I’d argue that Epic presented the jury document after unfair-looking document in which Google allegedly “bribed” or “blocked” its partners from becoming rivals with special arrangements, ones that at the very least disincentivized them from developing, joining, or carrying other app marketplaces.

While a judge may have determined that such transactions were not out of the ordinary, the jury may have witnessed how the sausage is made for the first time — and the jury was ultimately in charge.

Apple Google epic games

5. The jury concluded that Google had something to hide

Not only did Google have to explain that providing a game developer $90 million in incentives wasn’t necessarily a bribe, but the Google officials behind those transactions had to explain that they weren’t doing it to prevent alternative app shops from being built. Google employee after Google employee stated that they were developing it to compete with the iPhone.

However, Google’s internal communications and strategy plans plainly demonstrated that those executives sought to prohibit other app shops, and the jury agreed.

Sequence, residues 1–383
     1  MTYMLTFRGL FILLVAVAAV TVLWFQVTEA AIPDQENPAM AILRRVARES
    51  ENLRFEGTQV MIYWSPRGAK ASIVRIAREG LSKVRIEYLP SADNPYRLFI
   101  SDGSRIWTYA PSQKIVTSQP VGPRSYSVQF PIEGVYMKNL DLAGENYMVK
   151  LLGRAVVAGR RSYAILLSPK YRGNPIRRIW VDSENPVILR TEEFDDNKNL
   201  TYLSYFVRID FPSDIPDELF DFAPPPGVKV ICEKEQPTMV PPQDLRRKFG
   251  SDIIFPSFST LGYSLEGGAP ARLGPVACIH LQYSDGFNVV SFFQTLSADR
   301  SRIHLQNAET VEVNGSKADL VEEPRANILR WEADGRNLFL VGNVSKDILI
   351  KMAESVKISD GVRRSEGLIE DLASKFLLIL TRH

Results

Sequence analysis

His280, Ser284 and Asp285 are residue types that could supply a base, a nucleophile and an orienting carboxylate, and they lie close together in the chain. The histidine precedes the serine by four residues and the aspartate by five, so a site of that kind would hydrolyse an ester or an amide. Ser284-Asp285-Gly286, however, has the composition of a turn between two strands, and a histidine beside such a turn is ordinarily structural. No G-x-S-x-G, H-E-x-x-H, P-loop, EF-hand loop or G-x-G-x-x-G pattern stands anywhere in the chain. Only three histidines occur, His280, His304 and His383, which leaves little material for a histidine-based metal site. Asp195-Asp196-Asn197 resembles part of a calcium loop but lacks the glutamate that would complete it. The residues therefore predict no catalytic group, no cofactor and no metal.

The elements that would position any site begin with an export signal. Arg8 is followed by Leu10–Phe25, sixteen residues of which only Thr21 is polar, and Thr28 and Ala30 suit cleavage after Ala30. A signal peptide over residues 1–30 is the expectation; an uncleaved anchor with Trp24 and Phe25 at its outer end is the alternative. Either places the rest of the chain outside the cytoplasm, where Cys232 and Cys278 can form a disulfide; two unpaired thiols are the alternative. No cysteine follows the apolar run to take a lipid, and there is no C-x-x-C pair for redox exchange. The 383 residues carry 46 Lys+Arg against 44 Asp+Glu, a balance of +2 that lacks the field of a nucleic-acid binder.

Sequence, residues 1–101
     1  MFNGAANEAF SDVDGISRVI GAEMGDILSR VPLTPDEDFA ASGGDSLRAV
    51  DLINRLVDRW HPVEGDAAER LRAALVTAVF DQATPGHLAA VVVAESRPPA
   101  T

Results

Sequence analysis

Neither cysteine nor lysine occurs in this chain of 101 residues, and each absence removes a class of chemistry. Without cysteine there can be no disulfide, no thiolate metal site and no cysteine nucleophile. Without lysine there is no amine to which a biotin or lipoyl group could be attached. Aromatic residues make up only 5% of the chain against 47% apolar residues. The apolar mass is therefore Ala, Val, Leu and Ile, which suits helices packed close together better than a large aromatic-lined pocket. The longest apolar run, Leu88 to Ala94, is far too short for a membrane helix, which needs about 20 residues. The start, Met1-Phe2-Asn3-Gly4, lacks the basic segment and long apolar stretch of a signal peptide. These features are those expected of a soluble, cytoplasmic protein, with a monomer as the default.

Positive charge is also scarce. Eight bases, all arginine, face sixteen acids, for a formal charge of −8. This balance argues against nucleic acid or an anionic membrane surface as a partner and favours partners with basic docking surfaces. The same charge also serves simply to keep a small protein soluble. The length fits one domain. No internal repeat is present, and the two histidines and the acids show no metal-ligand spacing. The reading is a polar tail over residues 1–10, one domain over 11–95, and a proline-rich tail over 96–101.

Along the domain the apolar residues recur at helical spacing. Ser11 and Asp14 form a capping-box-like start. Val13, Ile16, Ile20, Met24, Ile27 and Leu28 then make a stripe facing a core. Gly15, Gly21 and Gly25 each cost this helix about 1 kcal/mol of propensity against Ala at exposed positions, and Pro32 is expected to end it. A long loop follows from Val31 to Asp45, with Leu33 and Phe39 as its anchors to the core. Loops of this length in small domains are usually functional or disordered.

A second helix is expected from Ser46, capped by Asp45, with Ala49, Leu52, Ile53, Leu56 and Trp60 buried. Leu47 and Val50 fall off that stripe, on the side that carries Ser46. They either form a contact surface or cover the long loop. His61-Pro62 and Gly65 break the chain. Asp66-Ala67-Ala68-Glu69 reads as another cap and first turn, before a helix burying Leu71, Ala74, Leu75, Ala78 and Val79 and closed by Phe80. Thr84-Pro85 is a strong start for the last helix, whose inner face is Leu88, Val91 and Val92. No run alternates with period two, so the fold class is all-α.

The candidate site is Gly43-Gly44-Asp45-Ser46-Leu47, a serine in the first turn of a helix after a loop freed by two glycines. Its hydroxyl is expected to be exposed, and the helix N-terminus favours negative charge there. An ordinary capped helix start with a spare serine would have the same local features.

The jury was also present for two rounds of strangeness, particularly with the Spotify figures, which Google worked hard not to expose in open court. At one point, a Google executive confessed that if the details of the agreement “were to become known, other developers would come to us to do the same, and… negotiate it down, and that would play out badly for us.”

6. The jury was also aware that Google removed evidence on purpose

Just hours before the verdict, Judge James Donato really delivered these comments to the jury:

You’ve seen proof that Google Chat chats were destroyed in order to keep them from being used in lawsuit. You may conclude that the deleted Chat communications contained evidence that would have been detrimental to Google in this instance.